13th I find that much is said, both pro- & con, on the subject of my proposal to vest the corporation with a control on the Museum—and I very much suspect that some members composing that Body are taking this method to sound the disposition of the Citizens towards this institution—I do not intend to make any reply to any thing published—The corporation last week had a meeting, which I had no Notice of,3 or I would most certainly have sent them some proposals of what I supposed might put the business in train—Their committee made no report about my rent—This helps to confirm my oppinion that they want time to feel the pulse of the People—for I find that some of the pieces published has made some of them sore—But the committee can only be blamed for a want [of]4 Liberality—At this season of the Year it is difficult to form a quoram in any public Body—besides short Evenings do not admit of much business being done—My present Idea is, that if they demand any considerable sum as rent—that I shall most certainly make5 some efforts, either to sell the Museum in some manner, or get it remooved elswere. If you have any Idea’s of what may be done, you will very much oblige me with your advice. There is no part of the Museum but can receive additions & great improvements, without very considerable expence—except of labour & time, and I am still zealous for its increase—The preserved subjects are generally as perfect as they were when first put into the Museum—Our mode of preservation in practice is easey, but where so many departments of Animals are imbraced, all cannot be brought to imbrace every spieces, but by a long course of exertions with very favorable circumstances—a certain sum to be paid for admission—, not exceeding the average price of a ℔ of Butter—given to those who superintend a Museum will secure their attention to preserve it in the best order for use or amusement—I need not say any thing more on this subject, as the Address notices these views—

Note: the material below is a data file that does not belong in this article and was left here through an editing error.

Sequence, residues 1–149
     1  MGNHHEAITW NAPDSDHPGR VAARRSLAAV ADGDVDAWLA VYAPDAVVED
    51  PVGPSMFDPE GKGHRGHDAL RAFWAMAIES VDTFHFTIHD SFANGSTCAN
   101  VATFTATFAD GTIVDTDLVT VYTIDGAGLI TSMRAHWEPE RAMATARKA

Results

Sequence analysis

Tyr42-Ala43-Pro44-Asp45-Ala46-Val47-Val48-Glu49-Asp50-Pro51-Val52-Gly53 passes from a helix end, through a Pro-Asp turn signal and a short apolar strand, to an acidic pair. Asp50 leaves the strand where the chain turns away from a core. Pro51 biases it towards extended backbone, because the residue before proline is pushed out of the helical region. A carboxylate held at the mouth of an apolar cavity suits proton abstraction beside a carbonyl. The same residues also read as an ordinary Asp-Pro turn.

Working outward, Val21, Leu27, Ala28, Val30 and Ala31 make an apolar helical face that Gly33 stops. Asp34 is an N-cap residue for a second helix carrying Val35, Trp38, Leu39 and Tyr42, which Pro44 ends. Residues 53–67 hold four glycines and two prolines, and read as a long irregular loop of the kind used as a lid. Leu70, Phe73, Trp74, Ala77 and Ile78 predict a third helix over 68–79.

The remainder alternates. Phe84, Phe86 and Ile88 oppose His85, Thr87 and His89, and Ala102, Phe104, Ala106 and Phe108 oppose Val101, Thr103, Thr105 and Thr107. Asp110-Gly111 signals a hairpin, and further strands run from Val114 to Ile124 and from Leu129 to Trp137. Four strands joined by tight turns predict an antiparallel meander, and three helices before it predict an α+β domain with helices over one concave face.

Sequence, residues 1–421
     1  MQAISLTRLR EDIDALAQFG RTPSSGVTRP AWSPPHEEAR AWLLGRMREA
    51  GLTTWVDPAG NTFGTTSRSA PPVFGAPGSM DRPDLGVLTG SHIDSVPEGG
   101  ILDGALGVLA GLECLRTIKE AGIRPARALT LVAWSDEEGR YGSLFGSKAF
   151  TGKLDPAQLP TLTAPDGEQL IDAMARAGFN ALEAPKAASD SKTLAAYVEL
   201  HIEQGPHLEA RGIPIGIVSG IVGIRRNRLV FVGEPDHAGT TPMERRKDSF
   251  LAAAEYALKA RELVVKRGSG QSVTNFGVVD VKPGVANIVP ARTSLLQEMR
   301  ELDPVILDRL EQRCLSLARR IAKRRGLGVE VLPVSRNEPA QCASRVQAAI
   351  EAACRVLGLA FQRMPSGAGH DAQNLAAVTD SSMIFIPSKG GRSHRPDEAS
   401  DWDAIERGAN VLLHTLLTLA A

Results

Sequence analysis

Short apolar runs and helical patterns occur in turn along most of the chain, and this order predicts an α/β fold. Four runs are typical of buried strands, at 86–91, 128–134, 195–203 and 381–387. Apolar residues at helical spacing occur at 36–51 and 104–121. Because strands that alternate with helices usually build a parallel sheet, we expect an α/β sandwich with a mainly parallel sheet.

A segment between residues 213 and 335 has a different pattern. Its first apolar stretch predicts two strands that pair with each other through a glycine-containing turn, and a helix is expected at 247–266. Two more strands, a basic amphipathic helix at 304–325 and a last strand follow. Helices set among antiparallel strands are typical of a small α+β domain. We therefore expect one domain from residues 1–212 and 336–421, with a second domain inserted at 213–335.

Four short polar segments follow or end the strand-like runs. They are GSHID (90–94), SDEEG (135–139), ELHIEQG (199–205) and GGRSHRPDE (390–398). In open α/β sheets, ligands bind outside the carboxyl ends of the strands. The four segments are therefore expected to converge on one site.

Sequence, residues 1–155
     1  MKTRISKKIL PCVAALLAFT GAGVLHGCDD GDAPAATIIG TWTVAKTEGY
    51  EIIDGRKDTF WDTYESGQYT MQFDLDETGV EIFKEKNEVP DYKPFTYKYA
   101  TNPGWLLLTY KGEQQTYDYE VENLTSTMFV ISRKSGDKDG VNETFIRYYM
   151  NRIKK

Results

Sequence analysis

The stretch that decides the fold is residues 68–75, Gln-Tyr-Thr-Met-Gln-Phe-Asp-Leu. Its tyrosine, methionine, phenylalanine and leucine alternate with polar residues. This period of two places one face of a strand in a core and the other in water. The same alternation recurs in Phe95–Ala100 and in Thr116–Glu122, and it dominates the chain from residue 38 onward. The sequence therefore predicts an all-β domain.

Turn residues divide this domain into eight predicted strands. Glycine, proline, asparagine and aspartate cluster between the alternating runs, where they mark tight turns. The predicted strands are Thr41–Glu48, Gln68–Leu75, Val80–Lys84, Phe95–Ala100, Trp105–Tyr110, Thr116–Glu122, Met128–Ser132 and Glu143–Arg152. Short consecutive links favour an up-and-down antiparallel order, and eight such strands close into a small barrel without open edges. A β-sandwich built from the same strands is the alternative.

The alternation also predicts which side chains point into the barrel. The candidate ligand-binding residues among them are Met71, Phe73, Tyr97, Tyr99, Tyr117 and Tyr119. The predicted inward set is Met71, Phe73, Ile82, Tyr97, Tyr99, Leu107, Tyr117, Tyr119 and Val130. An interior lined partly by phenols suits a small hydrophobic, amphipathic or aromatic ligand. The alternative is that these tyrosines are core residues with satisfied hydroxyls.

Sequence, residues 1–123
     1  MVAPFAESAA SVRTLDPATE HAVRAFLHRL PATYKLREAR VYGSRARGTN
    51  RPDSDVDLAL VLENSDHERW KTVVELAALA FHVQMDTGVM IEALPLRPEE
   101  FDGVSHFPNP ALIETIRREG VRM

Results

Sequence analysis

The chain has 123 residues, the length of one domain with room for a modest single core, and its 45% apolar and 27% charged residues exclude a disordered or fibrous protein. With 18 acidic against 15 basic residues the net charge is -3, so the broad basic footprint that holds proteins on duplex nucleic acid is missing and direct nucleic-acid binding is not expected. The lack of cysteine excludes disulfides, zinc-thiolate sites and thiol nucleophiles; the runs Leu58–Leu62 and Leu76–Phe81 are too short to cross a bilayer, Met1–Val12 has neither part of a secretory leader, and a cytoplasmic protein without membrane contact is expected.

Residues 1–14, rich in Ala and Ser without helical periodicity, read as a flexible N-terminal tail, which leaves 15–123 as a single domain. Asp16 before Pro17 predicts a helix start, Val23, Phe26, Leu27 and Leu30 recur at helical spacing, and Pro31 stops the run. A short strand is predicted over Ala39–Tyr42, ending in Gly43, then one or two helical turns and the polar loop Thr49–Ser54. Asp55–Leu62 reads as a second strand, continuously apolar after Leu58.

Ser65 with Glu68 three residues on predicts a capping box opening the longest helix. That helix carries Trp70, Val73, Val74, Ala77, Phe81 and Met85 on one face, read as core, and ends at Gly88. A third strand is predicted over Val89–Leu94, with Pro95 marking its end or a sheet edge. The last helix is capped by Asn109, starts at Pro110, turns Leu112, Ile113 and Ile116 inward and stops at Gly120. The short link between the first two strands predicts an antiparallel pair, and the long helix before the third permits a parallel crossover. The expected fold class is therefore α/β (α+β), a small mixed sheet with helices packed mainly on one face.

I expect that Mr Patterson has given you every thing particular respecting the Gas-lights at the Museum, as some short time past he was making particular inquiries of my Son Rubens on6 the expences &c attending the process &c—My Son Rembrandt ingaged in the plan of lighting the Streets of Baltimore is progressing fast with that work—The pipes, making of Copper to be screwed togather as in the mode practiced7 in the fire-hose—and the branch pipes also to be screwed on—They will begin to lay them down as soon as a roof is put on the Building now erecting for the Furnaces & Gazometers—The manner in which Rembrandt has contrived his retorts appears to me well adapted to save trouble, in the replacing those that are burnt out—It is simply a pot with a flange8 round the top thus: